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I've got an MVC controller that stores an object in Session. Different controller actions retrieve the object from Session, do stuff with it, and save it back.

I'd like to use Unity so that the controller just deals with an interface, but I'm not sure how to achieve this (I'm fairly new to the whole dependency injection thing). Here's some sample code:

public class MyController : Controller
{
   [HttpGet]
   public ActionResult Index()
   {
      var state = new State();
      // do stuff with state
      Session[Key] = state;
      return View();
   }

   [HttpPost]
   public ActionResult Change()
   {
      var state = Session[Key] as State;
      // do stuff with state
      Session[Key] = state;
      return View();
   }
}

So basically I want to use IState instead of State. But where/how does Unity inject the concrete implementation? It seems like it can't happen in the constructor, because I only need to instantiate a new object in the Index() action. Is there maybe some magic way I can add a parameter to Index() that Unity can use?

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2 Answers 2

up vote 2 down vote accepted

If you want to use Unity you must change your implementation little bit. You must define your controller as:

public class MyController : Controller
{
   private IState _state;

   public MyController(IState state)
   {
       _state = state;
   }

   [HttpGet]
   public ActionResult Index()
   {
      // Fill the state but you cannot change instance!
      _state.A = ...;
      _state.B = ...;

      return View();
   }

   [HttpPost]
   public ActionResult Change()
   {
      // Fill the state but you cannot change instance!
      _state.A = ...;
      _state.B = ...;

      return View();
   }
}

Now you need two additional step. You must use PerSessionLifetime manager for your IState resolving and you must configure Unity to resolve controllers and their dependencies - there is some build in support for resolving in ASP.NET MVC 3.

Unity doesn't provide PerSessionLifetime manager so you must build your own.

public class PerSessionLifetimeManager : LifetimeManager
{
    private readonly Guid _key = Guid.NewGuid();

    public override object GetValue()
    {
        return HttpContext.Current.Session[_key];
    }

    public override void SetValue(object newValue)
    {
        HttpContext.Current.Session[_key] = newValue;
    }

    public override void RemoveValue()
    {
        HttpContext.Current.Session.Remove(_key);
    }
}

You can use this lifetime when configuring controller or you can configure extension in unity configuration and define your IState:

<configuration>
  <configSections>
    <section name="unity" type="Microsoft.Practices.Unity.Configuration.UnityConfigurationSection, Microsoft.Practices.Unity.Configuration" />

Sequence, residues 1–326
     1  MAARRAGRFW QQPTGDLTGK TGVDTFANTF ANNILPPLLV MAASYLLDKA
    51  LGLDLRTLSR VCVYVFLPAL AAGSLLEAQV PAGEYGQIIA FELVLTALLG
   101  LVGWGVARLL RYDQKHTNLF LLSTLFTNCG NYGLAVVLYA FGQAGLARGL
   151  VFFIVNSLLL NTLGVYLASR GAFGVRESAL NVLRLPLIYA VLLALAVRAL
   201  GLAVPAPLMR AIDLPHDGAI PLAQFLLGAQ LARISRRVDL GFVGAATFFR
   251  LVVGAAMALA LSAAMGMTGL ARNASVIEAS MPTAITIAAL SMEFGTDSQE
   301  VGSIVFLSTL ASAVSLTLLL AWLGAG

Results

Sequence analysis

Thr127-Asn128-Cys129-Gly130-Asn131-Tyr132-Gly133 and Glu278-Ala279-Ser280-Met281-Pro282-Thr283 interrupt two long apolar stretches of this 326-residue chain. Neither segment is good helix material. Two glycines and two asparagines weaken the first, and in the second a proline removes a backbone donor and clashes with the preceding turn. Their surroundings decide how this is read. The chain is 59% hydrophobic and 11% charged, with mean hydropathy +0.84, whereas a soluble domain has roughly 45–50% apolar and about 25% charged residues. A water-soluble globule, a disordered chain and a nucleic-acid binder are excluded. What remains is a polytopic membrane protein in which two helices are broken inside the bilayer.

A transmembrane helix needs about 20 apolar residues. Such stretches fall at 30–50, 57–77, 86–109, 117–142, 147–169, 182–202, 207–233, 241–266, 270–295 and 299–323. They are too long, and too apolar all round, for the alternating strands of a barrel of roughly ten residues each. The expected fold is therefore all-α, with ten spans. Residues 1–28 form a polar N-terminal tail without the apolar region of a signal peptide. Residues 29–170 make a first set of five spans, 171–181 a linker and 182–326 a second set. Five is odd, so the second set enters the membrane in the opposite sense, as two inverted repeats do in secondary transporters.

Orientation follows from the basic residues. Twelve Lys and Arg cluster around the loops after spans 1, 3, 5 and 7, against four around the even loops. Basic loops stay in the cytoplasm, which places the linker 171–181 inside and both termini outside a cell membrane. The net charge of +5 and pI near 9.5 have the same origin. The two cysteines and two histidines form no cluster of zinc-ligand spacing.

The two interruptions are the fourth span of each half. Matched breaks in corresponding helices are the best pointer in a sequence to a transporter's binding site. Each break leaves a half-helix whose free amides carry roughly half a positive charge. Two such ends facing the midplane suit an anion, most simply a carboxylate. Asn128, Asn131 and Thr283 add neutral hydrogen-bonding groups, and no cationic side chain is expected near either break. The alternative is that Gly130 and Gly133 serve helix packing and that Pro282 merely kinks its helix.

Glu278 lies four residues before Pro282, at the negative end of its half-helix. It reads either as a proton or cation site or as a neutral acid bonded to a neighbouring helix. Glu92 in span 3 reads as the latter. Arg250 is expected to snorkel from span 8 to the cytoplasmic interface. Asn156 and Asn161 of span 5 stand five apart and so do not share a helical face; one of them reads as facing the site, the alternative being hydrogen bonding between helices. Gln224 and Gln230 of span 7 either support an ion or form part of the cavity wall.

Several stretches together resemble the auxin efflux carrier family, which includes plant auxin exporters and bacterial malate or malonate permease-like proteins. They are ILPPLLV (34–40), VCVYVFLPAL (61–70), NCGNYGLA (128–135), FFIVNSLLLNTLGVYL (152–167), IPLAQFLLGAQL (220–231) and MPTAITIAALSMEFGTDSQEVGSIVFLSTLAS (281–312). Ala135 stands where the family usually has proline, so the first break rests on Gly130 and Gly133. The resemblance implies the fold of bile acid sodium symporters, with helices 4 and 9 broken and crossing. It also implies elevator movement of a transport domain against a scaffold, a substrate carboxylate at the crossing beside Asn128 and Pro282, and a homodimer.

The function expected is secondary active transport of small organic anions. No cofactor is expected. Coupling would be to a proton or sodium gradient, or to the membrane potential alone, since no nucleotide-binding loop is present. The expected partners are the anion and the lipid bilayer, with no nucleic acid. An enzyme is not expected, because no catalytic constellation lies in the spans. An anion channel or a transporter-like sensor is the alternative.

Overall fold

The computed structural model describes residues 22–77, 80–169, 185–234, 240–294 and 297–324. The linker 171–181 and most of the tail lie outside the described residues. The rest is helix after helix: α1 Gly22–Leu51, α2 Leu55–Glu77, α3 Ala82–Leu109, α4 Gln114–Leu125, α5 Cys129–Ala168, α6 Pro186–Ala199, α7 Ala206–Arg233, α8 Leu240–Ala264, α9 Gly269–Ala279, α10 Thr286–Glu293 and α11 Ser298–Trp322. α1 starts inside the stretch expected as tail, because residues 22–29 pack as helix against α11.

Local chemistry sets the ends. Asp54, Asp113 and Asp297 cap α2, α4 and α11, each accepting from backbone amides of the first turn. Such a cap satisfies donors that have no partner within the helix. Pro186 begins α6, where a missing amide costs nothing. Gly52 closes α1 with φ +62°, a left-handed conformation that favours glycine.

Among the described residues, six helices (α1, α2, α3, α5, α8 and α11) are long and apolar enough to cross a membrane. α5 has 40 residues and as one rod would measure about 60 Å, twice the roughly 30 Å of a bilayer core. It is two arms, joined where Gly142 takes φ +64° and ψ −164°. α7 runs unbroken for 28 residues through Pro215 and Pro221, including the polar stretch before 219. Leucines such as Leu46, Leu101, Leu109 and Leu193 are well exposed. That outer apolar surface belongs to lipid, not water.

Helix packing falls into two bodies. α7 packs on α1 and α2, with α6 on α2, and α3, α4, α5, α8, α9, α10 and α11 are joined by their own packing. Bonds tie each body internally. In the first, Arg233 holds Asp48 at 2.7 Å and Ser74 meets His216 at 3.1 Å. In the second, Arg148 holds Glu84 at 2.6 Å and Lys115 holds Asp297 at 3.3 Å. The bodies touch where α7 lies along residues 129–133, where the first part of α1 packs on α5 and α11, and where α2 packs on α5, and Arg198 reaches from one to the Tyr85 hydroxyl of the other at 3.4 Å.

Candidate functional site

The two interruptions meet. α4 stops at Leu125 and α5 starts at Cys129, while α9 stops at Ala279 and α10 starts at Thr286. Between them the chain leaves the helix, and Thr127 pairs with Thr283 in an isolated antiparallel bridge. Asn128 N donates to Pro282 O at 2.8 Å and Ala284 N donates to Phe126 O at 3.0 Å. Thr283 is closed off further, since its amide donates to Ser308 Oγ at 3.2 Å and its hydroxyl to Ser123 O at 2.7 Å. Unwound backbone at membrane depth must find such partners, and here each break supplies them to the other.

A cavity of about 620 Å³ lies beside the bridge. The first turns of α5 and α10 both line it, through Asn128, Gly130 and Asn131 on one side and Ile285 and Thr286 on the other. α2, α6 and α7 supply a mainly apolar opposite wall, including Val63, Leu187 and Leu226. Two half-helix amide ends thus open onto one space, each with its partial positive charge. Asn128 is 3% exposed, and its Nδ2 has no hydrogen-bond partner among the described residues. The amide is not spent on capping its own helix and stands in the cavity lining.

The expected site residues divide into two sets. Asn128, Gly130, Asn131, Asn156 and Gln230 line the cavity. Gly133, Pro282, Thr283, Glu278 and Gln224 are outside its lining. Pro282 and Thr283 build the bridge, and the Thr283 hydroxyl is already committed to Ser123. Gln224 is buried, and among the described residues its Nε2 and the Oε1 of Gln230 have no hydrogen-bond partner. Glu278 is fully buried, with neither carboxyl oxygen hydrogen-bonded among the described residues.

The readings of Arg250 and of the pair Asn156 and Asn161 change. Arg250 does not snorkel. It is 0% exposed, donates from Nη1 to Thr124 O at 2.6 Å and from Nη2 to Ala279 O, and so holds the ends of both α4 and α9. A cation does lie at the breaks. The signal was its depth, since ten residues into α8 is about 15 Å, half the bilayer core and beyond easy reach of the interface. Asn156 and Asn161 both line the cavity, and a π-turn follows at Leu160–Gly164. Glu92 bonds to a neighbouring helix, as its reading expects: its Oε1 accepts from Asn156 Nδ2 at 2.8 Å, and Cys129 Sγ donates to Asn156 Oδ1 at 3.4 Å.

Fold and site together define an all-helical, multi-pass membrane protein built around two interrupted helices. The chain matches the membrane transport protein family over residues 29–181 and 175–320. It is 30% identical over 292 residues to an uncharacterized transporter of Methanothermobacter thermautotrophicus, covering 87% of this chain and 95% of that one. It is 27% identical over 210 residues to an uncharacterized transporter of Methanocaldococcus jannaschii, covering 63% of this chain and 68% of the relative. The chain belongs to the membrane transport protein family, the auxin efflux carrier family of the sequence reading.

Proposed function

</configSections>
  <unity xmlns="http://schemas.microsoft.com/practices/2010/unity">
    <alias alias="perSession" type="NamespaceName.PerSessionLifetimeManager, AssemblyName"/>
    <alias alias="IState" type="NamespaceName.IState, AssemblyName" />
    <alias alias="State" type="NamespaceName.State, AssemblyName" />
    <container name="Web">
      <register type="IState" mapTo="State" >
        <lifetime type="perSession" />
      </register>
    </container>
  </unity>
</configuration>
share|improve this answer
    
Works like a charm. Thanks! I'm doing my Unity setup in the Global.asax (in code rather than config), so I did container.RegisterType<IState, State>(new PerSessionLifetimeManager()); –  Graham Clark May 17 '11 at 9:19
    
hmm, actually, I think I might have missed something. If I mutate the State class in my controller, how does this get saved back into the Session? –  Graham Clark May 17 '11 at 10:14
    
You can change only properties. You cannot change the instance. –  Ladislav Mrnka May 17 '11 at 10:16

You might want to do this with an ActionFilter. The ActionFilter could grab the object from session state (instantiating it if needed), and add it to your ActionParameters collection.

public class IncludeStateAttribute : ActionFilterAttribute
{
    public override void OnActionExecuting(...)
    {
        var currentState = filterContext.HttpContext.Session[Key] as State;
        if (currentState == null)
        {
            currentState = new State();
        }

        filterContext.ActionParameters["state"] = currentState
    }

    public override void OnActionExecuted(...)
    {
        filterContext.HttpContext.Session[Key] = filterContext.ActionParameters["state"];
    }
}

Then, your Index action looks like this:

[HttpGet]
[IncludeState]
public ActionResult Index(State state)
{
    // do stuff with state
    return View();
}

The only thing I'm unsure about is where your key comes from.

I realize that this doesn't use Unity, but maybe you don't need it.

share|improve this answer
    
This seems like a good idea, but I think I'd just run into the same problem if I wanted to test this filter in isolation. The key for the Session was just a constant. I wanted to use Unity in order to de-couple my controller from my State class, so I can test the controller without touching the State code. –  Graham Clark May 17 '11 at 9:17

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